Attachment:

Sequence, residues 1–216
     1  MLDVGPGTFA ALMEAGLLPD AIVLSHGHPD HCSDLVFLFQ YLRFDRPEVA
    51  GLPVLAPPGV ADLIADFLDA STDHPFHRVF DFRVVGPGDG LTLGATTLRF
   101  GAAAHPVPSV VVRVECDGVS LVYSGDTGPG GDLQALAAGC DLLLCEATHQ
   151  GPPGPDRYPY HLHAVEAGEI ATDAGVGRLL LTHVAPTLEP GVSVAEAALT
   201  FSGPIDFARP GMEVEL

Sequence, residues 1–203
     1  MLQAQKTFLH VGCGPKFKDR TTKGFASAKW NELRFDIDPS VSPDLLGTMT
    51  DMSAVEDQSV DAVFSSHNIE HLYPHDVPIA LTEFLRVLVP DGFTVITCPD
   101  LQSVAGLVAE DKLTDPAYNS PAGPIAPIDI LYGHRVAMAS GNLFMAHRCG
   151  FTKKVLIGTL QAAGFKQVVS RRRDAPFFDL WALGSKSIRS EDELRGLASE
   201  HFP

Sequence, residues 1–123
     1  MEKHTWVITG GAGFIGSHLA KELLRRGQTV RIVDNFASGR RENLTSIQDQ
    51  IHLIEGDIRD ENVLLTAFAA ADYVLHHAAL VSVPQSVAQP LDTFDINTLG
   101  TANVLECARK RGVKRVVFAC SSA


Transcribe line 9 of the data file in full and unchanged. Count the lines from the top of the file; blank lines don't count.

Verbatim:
    51  DMSAVEDQSV DAVFSSHNIE HLYPHDVPIA LTEFLRVLVP DGFTVITCPD